When one thinks of sports or exhibitions that are quintessentially American, it's football, NASCAR, and, if you were born in the last four decades, monster trucks. Although it doesn't enjoy the more than century-old tradition of some of the other sports, or even the law-evading mystique of its oval-track car-racing counterpart, there's no question that monster trucks have become an engrained part of Americana. The sound, spectacle, and stunts have made it a favorite of adults and kids across the country, with the series even going as far as Costa Rica and Finland.
The sport got its start like so many other great inventions and innovations did in America, with someone looking to address an unmet need. Bob Chandler, unhappy with the off-road shops in the St. Louis area, opened Midwest Four Wheel Drive and Performance Center with the help of his wife and friend. The opening of the shop marked the birthplace of Bigfoot, and the beginnings of the monster truck movement.
This list would not be complete with the originator of the genre, Bigfoot itself. Originally built in 1975, the first Bigfoot was the brainchild of Bob Chandler, a construction worker from the St. Louis, Missouri, area. Chandler took the family truck, a 1974 Ford F-250, off-roading frequently, but found there were few shops in the area that could handle making any needed repairs and upgrades to the truck. Taking things into his own hands, Chandler, with wife Marilyn and friend Jim Kramer, opened Midwest Four Wheel Drive and Performance Center. With oversized tires and a loud, powerful engine, Bigfoot soon became the shop's well-known promotional truck.
Bigfoot's big break came in 1981, when Chandler got permission from an area farmer to crush two wrecked cars in his field. He also had a video camera rolling to document the mischief. A motorsport promoter saw the video playing in Chandler's shop, and asked him to perform the stunt again. That led to a performance at the Pontiac Silverdome in Michigan. In 1983, Bigfoot got factory sponsorship from Ford Motor Company, a relationship that continued for more than 20 years to 2005.
Although often referred to in the singular, there have actually been more than 18 Bigfoots over the years, including one named Bigfoot Shuttle, built with a Ford Aerostar minivan body, and Bigfoot Fastrax built on a M48 military personnel carrier chassis. Closely associated with the Ford brand for decades, the truck briefly featured the body shell of a Chevrolet Silverado for the Major League Basketball All-Star game, although in competition and exhibition, the truck still features a Ford body.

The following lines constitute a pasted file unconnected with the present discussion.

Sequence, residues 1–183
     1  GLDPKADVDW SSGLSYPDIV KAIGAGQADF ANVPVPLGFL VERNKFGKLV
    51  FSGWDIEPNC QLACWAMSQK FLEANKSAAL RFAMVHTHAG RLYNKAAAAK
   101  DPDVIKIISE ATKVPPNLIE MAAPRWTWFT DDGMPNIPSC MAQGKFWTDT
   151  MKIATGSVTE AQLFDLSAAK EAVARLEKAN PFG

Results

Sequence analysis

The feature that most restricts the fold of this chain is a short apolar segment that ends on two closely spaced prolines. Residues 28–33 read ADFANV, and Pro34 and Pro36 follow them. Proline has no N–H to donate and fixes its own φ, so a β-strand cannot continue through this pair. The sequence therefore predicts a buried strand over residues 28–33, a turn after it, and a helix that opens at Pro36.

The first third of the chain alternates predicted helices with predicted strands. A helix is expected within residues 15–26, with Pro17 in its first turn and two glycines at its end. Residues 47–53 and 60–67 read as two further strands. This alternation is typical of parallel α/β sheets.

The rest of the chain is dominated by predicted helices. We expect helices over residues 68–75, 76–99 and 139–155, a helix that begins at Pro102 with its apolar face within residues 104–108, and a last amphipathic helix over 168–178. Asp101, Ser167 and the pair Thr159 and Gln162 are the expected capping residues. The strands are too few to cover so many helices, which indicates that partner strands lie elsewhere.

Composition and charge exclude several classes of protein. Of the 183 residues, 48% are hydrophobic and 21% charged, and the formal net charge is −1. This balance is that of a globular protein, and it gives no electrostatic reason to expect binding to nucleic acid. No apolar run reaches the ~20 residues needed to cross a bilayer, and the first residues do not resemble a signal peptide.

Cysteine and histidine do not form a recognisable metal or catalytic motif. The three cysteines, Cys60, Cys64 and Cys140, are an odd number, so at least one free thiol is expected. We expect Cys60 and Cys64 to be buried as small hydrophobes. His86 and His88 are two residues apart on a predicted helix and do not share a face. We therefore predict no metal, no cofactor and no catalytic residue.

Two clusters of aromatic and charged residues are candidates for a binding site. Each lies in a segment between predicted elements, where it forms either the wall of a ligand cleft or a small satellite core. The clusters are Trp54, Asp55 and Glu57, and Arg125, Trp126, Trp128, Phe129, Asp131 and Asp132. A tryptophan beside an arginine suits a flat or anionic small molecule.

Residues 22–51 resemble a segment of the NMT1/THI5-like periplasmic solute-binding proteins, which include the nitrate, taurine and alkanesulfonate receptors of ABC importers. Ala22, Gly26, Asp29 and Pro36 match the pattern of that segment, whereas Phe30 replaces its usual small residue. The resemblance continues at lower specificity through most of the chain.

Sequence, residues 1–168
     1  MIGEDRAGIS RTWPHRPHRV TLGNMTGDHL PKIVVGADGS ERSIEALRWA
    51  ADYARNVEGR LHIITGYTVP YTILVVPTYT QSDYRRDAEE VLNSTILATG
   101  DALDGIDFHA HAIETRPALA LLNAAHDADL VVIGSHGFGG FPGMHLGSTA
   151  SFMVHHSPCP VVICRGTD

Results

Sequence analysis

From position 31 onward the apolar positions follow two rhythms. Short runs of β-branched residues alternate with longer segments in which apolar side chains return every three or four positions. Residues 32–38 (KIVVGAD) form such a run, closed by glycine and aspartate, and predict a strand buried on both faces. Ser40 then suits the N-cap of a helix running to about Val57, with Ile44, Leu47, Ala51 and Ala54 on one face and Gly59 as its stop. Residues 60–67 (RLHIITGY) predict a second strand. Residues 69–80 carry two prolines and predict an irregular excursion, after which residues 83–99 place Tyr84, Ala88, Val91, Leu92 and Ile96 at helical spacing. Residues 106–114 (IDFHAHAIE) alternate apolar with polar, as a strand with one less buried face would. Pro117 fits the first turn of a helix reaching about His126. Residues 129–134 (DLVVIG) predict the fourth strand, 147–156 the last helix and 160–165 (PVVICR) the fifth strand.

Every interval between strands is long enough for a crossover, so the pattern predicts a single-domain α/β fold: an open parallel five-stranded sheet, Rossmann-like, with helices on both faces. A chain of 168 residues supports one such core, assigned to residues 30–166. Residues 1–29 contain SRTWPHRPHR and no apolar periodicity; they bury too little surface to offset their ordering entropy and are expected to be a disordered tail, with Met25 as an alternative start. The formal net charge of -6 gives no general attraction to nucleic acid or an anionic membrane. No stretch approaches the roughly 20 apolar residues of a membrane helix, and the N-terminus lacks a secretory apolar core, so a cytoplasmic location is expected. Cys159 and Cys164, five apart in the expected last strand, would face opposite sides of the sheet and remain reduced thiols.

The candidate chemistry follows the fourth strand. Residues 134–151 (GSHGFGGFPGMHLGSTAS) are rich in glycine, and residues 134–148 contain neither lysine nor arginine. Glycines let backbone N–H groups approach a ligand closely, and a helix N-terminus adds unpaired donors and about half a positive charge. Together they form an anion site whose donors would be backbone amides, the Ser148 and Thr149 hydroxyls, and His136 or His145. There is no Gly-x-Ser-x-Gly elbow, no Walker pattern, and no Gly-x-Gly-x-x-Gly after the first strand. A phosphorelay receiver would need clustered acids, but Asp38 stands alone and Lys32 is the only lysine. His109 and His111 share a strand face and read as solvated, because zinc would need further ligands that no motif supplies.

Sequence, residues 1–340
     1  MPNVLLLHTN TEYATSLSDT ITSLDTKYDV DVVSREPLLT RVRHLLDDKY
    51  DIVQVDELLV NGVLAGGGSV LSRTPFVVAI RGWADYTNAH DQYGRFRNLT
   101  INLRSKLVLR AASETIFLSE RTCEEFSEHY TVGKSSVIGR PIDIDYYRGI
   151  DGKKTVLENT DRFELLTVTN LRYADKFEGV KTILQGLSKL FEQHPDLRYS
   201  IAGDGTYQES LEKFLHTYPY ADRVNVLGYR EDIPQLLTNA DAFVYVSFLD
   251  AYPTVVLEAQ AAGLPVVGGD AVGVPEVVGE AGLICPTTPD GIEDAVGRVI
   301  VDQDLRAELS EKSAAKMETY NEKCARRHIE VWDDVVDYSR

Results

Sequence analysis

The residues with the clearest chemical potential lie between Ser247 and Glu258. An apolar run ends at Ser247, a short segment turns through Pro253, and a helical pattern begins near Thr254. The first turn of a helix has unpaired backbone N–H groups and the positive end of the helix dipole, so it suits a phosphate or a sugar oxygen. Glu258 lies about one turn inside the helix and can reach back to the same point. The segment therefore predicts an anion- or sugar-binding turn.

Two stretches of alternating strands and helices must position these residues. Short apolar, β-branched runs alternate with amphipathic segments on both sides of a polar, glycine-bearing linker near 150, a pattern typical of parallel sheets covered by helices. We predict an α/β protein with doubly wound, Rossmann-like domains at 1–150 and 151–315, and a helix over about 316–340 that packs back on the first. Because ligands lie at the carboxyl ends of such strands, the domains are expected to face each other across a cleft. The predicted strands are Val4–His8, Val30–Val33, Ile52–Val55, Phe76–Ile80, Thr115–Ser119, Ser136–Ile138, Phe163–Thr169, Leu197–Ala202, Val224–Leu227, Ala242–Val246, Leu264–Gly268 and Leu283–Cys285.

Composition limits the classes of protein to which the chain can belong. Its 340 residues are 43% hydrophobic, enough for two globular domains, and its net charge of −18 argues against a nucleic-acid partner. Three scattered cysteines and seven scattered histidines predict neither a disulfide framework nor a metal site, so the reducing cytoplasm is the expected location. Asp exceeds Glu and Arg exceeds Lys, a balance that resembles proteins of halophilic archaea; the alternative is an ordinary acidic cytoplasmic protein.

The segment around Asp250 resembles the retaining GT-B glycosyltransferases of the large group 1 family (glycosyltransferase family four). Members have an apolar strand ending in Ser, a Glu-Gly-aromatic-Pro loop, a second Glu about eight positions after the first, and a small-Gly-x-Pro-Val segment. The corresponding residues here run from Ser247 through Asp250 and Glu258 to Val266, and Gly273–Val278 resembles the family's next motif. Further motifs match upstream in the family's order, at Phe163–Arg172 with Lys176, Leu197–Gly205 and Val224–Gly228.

Always the originator, in 1991, the Bigfoot team also developed the first three-dimensional character bodied truck in the form of Snake Bite, with a custom fiberglass body giving the truck a snakelike front clip. Since that time, numerous other teams have created custom-bodied monster trucks.
Here are some of the other trucks that made our list of the 10 scariest monster trucks.
2) Snake Bite
As the first "character bodied" truck on the scene, Snake Bite gets the number two spot on our list. The original Snake Bite was actually a new body on top of the #8 Bigfoot chassis. This was part of Chandler's team approach to monster truck competition, running more than one vehicle in the quest for team points totals.
It wasn't long after Bigfoot burst on to the scene that Dennis Anderson created Grave Digger. Originally conceived of as a mud-bogger truck, the eponymous monster truck allegedly got its name when Anderson made an offhand comment to fellow competitors saying, "I'll take this old junk and dig you a grave with it," in reference to some of the other competitors making fun of his 1952 Ford truck versus the more modern trucks in the competition. But Grave Digger's permanent status in the monster truck pantheon came when it was built as a full-fledged monster truck. It defeated Bigfoot in 1987 in St. Paul, Minnesota, televised on ESPN, ensuring its status as one of the all-time monster truck greats.
| Monster Trucks Grave Digger Side View